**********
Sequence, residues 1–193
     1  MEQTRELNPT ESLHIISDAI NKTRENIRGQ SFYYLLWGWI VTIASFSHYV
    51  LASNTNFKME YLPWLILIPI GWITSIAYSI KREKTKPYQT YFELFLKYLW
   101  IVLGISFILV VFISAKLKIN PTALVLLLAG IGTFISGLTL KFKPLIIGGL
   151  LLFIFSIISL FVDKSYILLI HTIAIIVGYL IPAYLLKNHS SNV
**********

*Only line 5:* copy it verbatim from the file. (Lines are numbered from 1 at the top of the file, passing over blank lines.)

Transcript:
   151  LLFIFSIISL FVDKSYILLI HTIAIIVGYL IPAYLLKNHS SNV